EJ Obiena

Gov’t, MILF agree on historic arms deal

Angela Casauay

This is AI generated summarization, which may have errors. For context, always refer to the full article.

(3rd UPDATE) The deal paves the way for the signing of a Comprehensive Agreement on the Bangsamoro

GUNS DOWN. This photo taken on Oct 15, 2012 shows members of Moro Islamic Liberation Front (MILF) shouting 'Allahu Akbar' (God is Great) during a celebration inside camp Darapanan in Sultan Kudarat town in Mindanao, to coincide with the signing of the Framework Agreement. Photo by Karlos Manlupig/AFP

KUALA LUMPUR, Malaysia (5th UPDATE) – The 16-year peace talks between the government and the Moro Islamic Liberation Front (MILF) can soon move away from the negotiating table towards ground implementation.

Both sides on Saturday, January 25, agreed on a historic firearms deal that would require the rebel group to gradually decommission their firearms in phases. 

It is the last document needed to be settled before the comprehensive peace agreement can be signed. Earlier, the panels signed annexes on transition, wealth-sharing and power-sharing.

They also signed an agreement on water territories – an issue left hanging when the panels signed the power-sharing annex in December 2013. 

Before the actual signing of the agreement, members of the MILF panel were in a caucus with lawmakers. 

Under the annex on normalization, the MILF agreed to “decommission” a specific number of their firearms and troops in certain periods as the government, in exchange, also gave its commitment to reduce armed forces and help disband private armed groups in Mindanao. 


The MILF, however, said they will not “surrender” their firearms to the government. Instead, a third-party group will handle the inventory of MILF firearms and their troops. Ahead of the signing, government peace panel member Yasmin Busran-Lao told reporters an Independent Decommissioning Body (IDB) that will recommend the most appropriate mechanism on how to store the arms will be created after the signing. 

“For peace, real peace in Mindanao, we have to decommission our forces. There is no element of surrender,” Iqbal said.

Both Iqbal and government peace panel chair Miriam Coronel-Ferrer declined to give estimates on the number of arms and troops that will be decommissioned.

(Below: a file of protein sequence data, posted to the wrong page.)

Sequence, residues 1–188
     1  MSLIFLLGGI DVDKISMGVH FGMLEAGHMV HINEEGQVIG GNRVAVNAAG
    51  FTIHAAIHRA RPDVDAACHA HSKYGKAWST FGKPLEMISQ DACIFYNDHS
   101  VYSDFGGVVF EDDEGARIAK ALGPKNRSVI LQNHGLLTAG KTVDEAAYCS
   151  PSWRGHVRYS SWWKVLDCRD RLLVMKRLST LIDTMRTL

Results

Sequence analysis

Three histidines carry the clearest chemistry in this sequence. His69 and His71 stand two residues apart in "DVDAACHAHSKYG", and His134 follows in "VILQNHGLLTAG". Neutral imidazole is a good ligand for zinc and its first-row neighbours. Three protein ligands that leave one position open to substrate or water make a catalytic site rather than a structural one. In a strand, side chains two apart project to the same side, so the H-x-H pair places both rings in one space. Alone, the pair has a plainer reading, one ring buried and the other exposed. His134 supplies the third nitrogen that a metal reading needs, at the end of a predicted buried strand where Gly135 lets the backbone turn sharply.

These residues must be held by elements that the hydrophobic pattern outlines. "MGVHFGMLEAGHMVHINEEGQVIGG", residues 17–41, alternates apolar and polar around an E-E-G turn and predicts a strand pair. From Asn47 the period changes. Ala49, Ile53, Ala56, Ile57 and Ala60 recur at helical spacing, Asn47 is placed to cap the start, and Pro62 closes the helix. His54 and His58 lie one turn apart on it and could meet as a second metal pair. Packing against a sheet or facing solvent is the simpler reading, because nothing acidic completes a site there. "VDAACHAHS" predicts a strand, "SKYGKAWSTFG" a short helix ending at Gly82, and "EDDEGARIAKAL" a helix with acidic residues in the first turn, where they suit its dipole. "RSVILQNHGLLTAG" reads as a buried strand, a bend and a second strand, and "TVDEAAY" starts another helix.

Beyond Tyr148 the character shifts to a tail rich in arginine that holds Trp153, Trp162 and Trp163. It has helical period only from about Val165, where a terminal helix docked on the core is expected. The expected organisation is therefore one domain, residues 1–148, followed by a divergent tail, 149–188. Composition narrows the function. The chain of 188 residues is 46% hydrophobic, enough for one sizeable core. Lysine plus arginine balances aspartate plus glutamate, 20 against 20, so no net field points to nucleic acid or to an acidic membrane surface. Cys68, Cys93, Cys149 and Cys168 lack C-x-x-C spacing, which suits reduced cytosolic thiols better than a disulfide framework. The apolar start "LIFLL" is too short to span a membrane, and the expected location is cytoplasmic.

The deal is different compared to the 1996 peace pact between the government and MILF’s rival group, the Moro National Liberation Front (MNLF), which did not require MNLF troops to lay down their firearms. 

Both sides also agreed to design socio-economic programs for MILF troops who will no longer engage in war, as transitional justice mechanisms are put in place. 

Once the comprehensive peace agreement is signed, MILF chief negotiator Mohagher Iqbal earlier said the MILF will stop using its arms and start its transformation towards becoming a “social movement.” (READ: What happens to MILF after peace deal?)

CELEBRATION. The celebratory mood of members of the Philippine panel says it all. Photo by Angela Casauay/Rappler

Next battle: Congress

In October 2012, both parties signed the Framework Agreement, which outlines the roadmap towards the creation of the Bangsamoro political entity set to replace the Autonomous Region in Muslim Mindanao (ARMM). 

The new government will be ministerial in form, with members elected by the people who will choose a chief minister among themselves. It will enjoy automatic appropriations – similar to the internal revenue allotment of local government units – with a 75% share in taxes and revenues from metallic minerals.

Although the parties are expected to sign a final peace pact soon, more work lies ahead.